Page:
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  1. #1
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    Breaking Down A Bull Elk-New Hunter's Resource

    Here is a video series that Guy put together in 2012.

    Part 1

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    Part 2

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    Part 3

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    Part 4

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    To get conversation going on this thread, what is your preferred method to break down an elk?

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    I saw this when Guy first did the series. It's a great way to break down a bull.
    I don't Break the rules, I Modify them.

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    Gutless method all the way and boning the meat off the bone. There is no reason on this earth why I would want to carry out the bones...especially if you are miles into the backcountry. Another fringe benefit of the gutless method is that you can stay much cleaner (typically) than if you are actually gutting the animal first. You can also grab the tenderloins by coming in from the backside. Now, if you like organ meat (heart, liver, kidneys, etc.) the gutless method is obviously not for you.

    One final benefit of going gutless method, IMO, is odor control. Case in point - I had to shoot a calf on an antlerless hunt twice this year. Turned out the first shot would have done the trick, but the animal was still standing, and if an elk is still standing, I'm still shooting. First shot was broadside behind the shoulder. Second shot was chest on, and due to the slope angle, the bullet exited out the bottom of the paunch. Completely blew up the stomach among other things. Opening that thing up would have been a HORRIBLE assault on the senses, but going gutless you couldn't tell the difference other than the pressure buildup in the animal as I was cleaning it.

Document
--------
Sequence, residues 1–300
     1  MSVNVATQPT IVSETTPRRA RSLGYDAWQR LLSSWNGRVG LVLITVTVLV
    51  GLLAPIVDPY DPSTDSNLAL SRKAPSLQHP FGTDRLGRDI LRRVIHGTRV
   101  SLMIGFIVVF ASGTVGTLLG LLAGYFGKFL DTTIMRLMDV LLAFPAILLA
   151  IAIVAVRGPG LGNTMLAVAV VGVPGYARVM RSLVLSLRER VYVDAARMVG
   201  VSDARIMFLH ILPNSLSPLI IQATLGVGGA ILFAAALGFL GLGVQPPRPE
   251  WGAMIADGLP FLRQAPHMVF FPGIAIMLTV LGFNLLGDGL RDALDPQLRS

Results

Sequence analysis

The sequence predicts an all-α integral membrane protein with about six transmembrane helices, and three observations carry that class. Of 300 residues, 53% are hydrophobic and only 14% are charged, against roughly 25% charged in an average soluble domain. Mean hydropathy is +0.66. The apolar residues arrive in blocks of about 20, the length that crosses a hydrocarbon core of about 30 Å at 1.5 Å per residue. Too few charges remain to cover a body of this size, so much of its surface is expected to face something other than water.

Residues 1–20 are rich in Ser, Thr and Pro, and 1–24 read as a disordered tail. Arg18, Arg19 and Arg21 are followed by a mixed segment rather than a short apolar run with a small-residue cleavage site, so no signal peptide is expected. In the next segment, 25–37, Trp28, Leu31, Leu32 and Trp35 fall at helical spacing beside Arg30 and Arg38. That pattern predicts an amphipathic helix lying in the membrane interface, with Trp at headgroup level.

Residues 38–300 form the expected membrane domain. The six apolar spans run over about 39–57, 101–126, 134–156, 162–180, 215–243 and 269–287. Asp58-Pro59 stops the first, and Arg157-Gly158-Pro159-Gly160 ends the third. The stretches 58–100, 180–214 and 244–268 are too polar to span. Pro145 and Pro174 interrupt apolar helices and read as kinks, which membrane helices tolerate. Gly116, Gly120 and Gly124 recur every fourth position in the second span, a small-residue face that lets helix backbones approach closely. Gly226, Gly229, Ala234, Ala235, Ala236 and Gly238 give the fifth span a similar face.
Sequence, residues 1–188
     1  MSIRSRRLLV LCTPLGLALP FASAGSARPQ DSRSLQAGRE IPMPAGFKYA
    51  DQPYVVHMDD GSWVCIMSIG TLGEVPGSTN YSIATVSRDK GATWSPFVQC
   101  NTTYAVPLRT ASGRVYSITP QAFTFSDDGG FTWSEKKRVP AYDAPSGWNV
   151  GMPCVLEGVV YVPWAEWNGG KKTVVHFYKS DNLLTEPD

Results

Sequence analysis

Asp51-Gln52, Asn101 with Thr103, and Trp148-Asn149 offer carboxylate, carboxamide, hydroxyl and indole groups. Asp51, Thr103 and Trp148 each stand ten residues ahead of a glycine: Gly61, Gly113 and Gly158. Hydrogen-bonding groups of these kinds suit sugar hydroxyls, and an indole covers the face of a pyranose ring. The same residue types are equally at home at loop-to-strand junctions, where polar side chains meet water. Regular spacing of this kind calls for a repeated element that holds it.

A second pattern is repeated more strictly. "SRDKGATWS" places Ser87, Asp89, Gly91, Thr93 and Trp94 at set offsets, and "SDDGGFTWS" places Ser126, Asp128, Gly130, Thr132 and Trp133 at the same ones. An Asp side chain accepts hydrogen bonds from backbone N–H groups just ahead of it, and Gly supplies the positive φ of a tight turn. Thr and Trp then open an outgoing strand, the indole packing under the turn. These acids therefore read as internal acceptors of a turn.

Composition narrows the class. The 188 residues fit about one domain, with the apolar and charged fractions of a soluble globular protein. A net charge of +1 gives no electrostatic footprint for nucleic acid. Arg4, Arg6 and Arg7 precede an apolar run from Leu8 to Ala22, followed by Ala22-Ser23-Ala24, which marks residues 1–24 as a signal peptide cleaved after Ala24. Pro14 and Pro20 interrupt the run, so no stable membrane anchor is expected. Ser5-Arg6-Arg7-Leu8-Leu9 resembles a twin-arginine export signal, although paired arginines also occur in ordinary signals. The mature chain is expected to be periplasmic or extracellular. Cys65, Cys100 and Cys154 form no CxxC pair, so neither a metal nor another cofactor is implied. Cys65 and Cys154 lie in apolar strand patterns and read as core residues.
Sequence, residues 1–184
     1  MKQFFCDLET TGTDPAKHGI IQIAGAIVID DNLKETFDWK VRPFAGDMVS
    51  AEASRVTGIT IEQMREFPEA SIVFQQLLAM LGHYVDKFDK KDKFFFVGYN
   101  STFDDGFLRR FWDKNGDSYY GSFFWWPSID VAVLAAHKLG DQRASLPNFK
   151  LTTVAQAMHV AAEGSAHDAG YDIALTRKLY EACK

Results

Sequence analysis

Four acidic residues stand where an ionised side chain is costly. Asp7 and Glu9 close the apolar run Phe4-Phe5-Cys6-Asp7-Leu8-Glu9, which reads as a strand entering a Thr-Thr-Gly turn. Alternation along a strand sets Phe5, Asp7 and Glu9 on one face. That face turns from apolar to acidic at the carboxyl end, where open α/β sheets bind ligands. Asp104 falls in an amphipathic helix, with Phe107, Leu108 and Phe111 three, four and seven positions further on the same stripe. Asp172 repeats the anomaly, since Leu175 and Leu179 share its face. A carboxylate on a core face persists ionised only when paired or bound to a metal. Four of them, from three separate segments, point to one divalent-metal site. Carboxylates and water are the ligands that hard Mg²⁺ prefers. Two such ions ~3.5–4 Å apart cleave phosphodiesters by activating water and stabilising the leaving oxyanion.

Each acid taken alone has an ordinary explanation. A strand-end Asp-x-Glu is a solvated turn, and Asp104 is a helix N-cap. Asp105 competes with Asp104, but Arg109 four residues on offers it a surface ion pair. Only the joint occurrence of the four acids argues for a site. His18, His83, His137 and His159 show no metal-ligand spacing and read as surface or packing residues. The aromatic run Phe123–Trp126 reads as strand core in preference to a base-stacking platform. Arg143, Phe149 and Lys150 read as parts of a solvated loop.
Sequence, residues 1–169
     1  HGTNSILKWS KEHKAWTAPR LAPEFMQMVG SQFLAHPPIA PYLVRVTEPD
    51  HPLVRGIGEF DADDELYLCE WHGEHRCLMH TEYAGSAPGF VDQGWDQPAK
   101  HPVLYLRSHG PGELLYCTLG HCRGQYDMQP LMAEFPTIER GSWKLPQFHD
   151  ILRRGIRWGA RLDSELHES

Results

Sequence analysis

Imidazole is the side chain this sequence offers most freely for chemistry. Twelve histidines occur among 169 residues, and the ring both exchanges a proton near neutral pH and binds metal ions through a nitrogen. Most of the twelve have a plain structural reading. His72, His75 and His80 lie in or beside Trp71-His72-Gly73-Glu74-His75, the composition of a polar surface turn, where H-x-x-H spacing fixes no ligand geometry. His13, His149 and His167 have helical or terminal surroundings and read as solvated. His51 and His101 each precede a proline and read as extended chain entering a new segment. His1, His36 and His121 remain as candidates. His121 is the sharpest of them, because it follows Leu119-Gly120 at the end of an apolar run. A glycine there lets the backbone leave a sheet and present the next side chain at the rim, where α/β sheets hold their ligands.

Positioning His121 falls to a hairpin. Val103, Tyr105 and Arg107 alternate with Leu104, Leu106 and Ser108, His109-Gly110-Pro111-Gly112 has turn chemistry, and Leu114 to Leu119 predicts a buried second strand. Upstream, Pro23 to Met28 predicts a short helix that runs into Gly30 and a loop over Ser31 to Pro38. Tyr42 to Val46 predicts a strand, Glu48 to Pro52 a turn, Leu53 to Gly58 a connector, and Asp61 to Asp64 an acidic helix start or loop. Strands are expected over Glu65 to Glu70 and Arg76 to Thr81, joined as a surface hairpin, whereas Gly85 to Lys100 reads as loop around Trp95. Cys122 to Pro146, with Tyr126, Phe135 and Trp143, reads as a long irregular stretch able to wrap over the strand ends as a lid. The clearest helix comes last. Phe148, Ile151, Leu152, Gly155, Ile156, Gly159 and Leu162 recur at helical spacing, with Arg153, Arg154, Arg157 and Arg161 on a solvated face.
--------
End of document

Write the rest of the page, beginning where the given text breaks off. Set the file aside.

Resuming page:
8. #8
    Eastmans' Staff / Moderator
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    Personally, I tend to bone out Elk. Like Guy stated, he learned this method from family outfitters. The advantage to leaving meat on the bone is that it is easier to maneuver. It also doesn't turn into a 100lb bowling ball at the bottom of your pack.

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    Skin, quarter, then backstraps and tenderloins, then lop the head off. I never cape and I leave the bone in for handling.

  10. #10
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    Gutless Method Rocks! I like to let the meat cool on the bone and then bone it out. Therefore, I usually take the straps, tenders, and both fronts out the first load leaving the hinds to cool on the bone and then bone them out the next day. Unless, I've got help then I'll take the same load as mentioned above and let my help take a hind. Once out I hang it to cool on the bone. Did four elk this way this past fall and it worked very well.

 

 

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